Distant stations that are rated as “significantly viewed” in a given market can avoid having programming duplicating that of a local station deleted from cable systems within that market. In general to qualify as “significantly viewed,” a distant network affiliate's survey results should exceed a three percent share of total viewing hours and a net weekly circulation of 25 percent. Out-of-market independent stations must exceed a two percent market share and have a net weekly circulation of five percent.
Gray Television Licensee LLC, licensee of WHSV-TV (Fox) in Harrisonburg, Va. has filed a petition with the FCC seeking a waiver of rules that precluded cable operators in Harrisonburg and Staunton, Va. from deleting duplicate programming of WTTG (Fox), which is located in Washington, D.C., so that it could enforce its exclusivity rights against WTTG. No one opposed the WHSV-TV petition.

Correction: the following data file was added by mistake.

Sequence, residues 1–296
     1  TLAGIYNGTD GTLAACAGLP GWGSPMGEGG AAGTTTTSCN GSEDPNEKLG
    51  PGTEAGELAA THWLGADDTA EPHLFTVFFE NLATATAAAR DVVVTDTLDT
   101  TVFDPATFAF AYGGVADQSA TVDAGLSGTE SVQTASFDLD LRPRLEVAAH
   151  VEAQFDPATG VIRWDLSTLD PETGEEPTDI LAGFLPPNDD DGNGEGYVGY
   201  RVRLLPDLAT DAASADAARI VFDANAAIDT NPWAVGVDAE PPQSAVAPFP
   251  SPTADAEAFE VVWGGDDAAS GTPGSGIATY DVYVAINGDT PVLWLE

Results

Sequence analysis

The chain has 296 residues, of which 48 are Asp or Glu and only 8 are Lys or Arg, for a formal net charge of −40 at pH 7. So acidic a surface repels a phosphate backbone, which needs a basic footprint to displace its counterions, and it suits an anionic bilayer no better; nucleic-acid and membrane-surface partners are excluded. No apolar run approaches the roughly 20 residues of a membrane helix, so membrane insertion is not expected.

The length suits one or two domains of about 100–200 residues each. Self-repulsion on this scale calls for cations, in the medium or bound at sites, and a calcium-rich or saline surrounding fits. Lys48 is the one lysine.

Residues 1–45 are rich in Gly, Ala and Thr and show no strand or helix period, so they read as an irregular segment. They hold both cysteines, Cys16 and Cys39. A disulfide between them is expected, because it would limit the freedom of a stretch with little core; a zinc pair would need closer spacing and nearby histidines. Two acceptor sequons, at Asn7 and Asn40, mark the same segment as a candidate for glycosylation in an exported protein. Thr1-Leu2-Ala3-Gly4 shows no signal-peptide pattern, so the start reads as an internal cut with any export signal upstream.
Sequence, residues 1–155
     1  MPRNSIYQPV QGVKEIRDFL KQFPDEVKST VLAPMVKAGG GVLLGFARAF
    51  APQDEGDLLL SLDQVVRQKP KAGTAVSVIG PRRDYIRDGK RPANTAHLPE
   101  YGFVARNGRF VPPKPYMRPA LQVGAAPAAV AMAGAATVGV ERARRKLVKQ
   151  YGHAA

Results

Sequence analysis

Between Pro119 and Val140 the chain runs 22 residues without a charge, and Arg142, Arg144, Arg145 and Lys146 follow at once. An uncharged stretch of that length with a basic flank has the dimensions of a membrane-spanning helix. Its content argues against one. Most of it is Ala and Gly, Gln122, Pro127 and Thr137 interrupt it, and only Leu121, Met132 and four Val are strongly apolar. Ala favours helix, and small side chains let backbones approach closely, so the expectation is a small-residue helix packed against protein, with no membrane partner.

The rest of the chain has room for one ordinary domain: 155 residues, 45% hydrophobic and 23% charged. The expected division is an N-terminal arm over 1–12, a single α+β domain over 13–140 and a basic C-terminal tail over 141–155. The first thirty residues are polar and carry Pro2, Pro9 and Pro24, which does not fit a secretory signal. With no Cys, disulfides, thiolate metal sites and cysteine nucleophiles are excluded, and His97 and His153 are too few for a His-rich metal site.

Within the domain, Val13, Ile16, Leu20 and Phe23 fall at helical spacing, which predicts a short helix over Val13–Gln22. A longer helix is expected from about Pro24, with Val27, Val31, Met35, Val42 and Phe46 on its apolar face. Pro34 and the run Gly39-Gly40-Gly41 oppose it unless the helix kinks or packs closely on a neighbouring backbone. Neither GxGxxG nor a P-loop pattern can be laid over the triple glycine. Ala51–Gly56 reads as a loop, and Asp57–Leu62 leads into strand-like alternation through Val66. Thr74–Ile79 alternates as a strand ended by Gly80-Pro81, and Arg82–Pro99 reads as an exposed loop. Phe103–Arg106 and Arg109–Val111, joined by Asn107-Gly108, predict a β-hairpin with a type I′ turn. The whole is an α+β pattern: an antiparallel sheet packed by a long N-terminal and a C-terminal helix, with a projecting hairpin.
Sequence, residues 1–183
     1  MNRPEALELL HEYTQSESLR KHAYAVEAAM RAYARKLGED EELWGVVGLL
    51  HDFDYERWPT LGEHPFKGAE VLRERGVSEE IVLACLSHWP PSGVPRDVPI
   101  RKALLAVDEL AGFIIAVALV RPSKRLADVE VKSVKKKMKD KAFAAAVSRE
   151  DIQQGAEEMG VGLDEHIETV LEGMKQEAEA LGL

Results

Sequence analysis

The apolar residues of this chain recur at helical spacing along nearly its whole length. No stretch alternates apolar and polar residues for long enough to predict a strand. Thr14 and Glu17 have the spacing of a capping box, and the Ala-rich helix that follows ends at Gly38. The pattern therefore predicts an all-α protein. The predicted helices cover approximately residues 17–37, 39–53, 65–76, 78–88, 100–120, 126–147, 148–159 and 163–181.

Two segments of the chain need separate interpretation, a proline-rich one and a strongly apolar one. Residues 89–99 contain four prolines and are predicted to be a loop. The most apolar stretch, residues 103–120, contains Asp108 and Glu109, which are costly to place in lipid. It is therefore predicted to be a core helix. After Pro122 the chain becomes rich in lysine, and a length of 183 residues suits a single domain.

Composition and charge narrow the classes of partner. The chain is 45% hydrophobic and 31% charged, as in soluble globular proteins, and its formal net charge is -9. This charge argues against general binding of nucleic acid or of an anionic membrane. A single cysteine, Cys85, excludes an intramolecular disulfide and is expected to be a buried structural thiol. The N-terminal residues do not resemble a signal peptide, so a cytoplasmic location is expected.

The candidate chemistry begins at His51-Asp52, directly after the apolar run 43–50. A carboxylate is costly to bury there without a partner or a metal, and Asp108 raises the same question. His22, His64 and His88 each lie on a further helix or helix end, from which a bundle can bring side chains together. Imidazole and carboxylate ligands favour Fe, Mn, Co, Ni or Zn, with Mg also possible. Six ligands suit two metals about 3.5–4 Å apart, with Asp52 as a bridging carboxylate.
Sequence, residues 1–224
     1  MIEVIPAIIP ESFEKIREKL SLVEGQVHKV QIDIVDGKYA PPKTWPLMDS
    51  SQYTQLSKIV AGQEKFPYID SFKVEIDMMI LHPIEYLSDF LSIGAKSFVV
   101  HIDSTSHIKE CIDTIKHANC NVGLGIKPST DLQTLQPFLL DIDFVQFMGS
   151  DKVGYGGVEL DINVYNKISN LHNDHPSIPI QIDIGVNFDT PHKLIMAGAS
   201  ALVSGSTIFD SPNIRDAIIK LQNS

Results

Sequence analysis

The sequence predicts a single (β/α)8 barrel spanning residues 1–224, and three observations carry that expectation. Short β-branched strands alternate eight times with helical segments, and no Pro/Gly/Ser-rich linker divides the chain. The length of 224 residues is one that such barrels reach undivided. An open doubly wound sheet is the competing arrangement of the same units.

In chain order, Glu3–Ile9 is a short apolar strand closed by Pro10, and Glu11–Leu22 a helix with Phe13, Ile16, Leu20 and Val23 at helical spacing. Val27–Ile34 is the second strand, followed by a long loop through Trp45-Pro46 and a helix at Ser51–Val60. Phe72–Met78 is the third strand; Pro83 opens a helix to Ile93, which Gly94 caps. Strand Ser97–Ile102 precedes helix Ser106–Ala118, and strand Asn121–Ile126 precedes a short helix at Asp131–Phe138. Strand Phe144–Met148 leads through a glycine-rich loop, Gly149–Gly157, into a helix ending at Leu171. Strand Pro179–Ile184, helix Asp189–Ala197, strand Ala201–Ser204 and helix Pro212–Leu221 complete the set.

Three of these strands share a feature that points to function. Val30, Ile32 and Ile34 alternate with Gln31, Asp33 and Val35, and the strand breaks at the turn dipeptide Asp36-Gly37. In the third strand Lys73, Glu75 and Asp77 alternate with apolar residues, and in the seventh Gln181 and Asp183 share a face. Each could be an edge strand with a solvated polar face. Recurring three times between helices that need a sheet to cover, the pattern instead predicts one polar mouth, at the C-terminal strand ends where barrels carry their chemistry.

In the commission's Memorandum Opinion and Order (DA 13-1759) granting the petition, the FCC explained, “WTTG is considered to be significantly viewed under the Commission’s original 1972 list of significantly viewed stations in the two Virginia communities at issue--Harrisonburg and Staunton.”
Gray asserted WTTG fell far short of the required minimum circulation and share threshold for “significantly viewed” status and maintained that WTTG cannot actually deliver an off-air signal to Harrisonburg or Staunton. WTTG transmitted on analog Channel 5 prior to the DTV transition and now operates on Channel 36.
Gray Television submitted Nielsen surveys of off-air viewing which showed that WTTG had no measurable off-air viewing during any of the four reporting periods in two years. Based on these surveys, the FCC found that “WTTG no longer meets the criteria for significantly viewed status in Harrisonburg and Staunton, Virginia.”
Considering that the FCC's list of “significantly viewed” stations was formulated long before the first DTV transmissions began, I wouldn't be surprised if other local TV stations with competition from distant stations started challenging cable companies' right to carry duplicated programming based on this 1972 “significantly viewed” list.